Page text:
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Identification of Metabolic, Immune, and Genetic Risk Factors for Hepatocellular Carcinoma

Thomas, Claire Elizabeth (2022) Identification of Metabolic, Immune, and Genetic Risk Factors for Hepatocellular Carcinoma. Doctoral Dissertation, University of Pittsburgh. (Unpublished)

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Hepatocellular carcinoma (HCC) is a multifactorial common malignancy with poor prognosis. Rising incidence of HCC may be due to increasing prevalence of obesity, type II diabetes, and non-alcoholic fatty liver disease (NAFLD). The majority of HCC cases develop in the presence of chronic liver disease, whether that damage is caused by chronic hepatitis, alcohol abuse and/or NAFLD. Novel non-invasive biomarkers for altered metabolic and immune regulation of the liver may not only improve our understanding of hepatocarcinogenesis, but also aid in identification of individuals at high risk of developing HCC. Bile acid dysmetabolism, immune dysfunction cytokine markers, and underlying genetic predisposition to NAFLD may play a role in the development of HCC. However, prospective studies examining the association between these biomarkers and HCC risk, especially in Asian populations, are sparse.
This dissertation utilizes the resources of the Singapore Chinese Health Study (SCHS) and the Shanghai Cohort Study (SCS), two population-based prospective cohort studies. The first dissertation paper examines the association between pre-diagnostic serum bile acids and HCC risk in 100 case-control pairs in the SCHS. Higher levels of primary bile acids, specifically conjugated bile acids, were associated with higher risk of HCC. The second paper investigates the relationship between five CD8+ T cell-related cytokines and HCC risk in 315 case-control pairs in the SCS and 197 pairs in the SCHS. Higher levels of soluble CD137, a cytokine associated with inflammation and immune suppression, were associated with elevated risk of HCC in both cohorts independent of major risk factors for HCC. The third paper evaluates the association between a NAFLD-related polygenic risk score (PRS) and HCC risk in the SCHS using a mendelian randomization approach demonstrating that NAFLD may be causally associated with HCC risk in East Asians.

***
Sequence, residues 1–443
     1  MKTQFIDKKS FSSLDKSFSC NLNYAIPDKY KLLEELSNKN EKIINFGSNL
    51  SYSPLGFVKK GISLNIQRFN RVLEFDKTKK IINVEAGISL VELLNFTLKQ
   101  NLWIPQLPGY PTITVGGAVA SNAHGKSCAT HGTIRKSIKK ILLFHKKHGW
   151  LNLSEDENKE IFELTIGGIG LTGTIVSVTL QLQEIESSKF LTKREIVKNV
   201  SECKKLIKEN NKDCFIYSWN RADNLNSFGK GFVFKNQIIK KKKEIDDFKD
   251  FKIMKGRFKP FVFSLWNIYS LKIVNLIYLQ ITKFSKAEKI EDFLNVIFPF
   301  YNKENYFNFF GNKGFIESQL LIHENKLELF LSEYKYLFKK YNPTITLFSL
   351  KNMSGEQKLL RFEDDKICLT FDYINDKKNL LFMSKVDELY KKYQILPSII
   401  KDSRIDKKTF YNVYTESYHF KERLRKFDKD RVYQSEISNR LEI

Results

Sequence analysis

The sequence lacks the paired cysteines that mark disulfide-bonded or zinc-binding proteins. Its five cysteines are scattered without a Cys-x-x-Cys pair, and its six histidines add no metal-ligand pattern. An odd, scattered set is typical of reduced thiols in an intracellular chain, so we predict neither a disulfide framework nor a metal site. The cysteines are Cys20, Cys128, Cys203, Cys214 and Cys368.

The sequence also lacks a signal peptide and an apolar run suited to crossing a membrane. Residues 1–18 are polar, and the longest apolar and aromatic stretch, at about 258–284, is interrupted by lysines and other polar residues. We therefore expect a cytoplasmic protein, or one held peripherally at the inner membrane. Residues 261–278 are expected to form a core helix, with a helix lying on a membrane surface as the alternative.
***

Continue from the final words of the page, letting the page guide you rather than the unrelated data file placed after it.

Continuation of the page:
Taken together, the data show that bile acid dysmetabolism, the immune dysfunction cytokine soluble CD137, and genetic variants related to NAFLD contribute to the elevated risk of HCC, especially for individuals without traditional risk factors such as alcohol abuse and chronic hepatitis.


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Item Type: University of Pittsburgh ETD
Status: Unpublished
CreatorsEmailPitt UsernameORCID
Thomas, Claire Elizabethcet53@pitt.educet530000-0001-9515-3277
ETD Committee:
TitleMemberEmail AddressPitt UsernameORCID
Committee ChairYuan,
Committee MemberAdibi, Jennifer JADIBIJ@pitt.eduadibij
Committee MemberDiergaarde, Brendabbd3@pitt.edubbd3
Committee MemberKuipers, Allison Lkuipersa@edc.pitt.edukuipersa
Date: 10 May 2022
Date Type: Publication
Defense Date: 1 April 2022
Approval Date: 10 May 2022
Submission Date: 20 April 2022
Access Restriction: 2 year -- Restrict access to University of Pittsburgh for a period of 2 years.
Number of Pages: 160
Institution: University of Pittsburgh
Schools and Programs: School of Public Health > Epidemiology
Degree: PhD - Doctor of Philosophy
Thesis Type: Doctoral Dissertation
Refereed: Yes
Uncontrolled Keywords: epidemiology, hepatocellular carcinoma, cytokine, bile acids, non-alcoholic fatty liver disease, genetic risk score
Date Deposited: 10 May 2022 18:06
Last Modified: 10 May 2024 05:15


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